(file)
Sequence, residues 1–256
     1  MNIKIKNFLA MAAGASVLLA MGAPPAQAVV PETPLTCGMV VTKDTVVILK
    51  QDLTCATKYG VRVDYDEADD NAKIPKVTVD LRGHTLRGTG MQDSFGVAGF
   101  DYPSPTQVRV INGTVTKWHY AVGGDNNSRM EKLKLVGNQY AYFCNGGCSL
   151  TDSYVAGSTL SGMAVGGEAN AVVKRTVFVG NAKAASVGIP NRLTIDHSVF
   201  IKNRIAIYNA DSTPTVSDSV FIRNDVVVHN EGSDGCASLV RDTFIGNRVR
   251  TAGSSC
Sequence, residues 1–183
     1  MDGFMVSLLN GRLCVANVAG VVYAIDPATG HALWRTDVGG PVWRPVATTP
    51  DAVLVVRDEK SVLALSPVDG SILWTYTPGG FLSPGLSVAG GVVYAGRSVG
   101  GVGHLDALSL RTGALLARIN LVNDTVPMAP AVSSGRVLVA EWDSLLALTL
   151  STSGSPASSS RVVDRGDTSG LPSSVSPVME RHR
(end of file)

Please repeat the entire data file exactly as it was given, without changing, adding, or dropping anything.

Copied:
Sequence, residues 1–256
     1  MNIKIKNFLA MAAGASVLLA MGAPPAQAVV PETPLTCGMV VTKDTVVILK
    51  QDLTCATKYG VRVDYDEADD NAKIPKVTVD LRGHTLRGTG MQDSFGVAGF
   101  DYPSPTQVRV INGTVTKWHY AVGGDNNSRM EKLKLVGNQY AYFCNGGCSL
   151  TDSYVAGSTL SGMAVGGEAN AVVKRTVFVG NAKAASVGIP NRLTIDHSVF
   201  IKNRIAIYNA DSTPTVSDSV FIRNDVVVHN EGSDGCASLV RDTFIGNRVR
   251  TAGSSC
Sequence, residues 1–183
     1  MDGFMVSLLN GRLCVANVAG VVYAIDPATG HALWRTDVGG PVWRPVATTP
    51  DAVLVVRDEK SVLALSPVDG SILWTYTPGG FLSPGLSVAG GVVYAGRSVG
   101  GVGHLDALSL RTGALLARIN LVNDTVPMAP AVSSGRVLVA EWDSLLALTL
   151  STSGSPASSS RVVDRGDTSG LPSSVSPVME RHR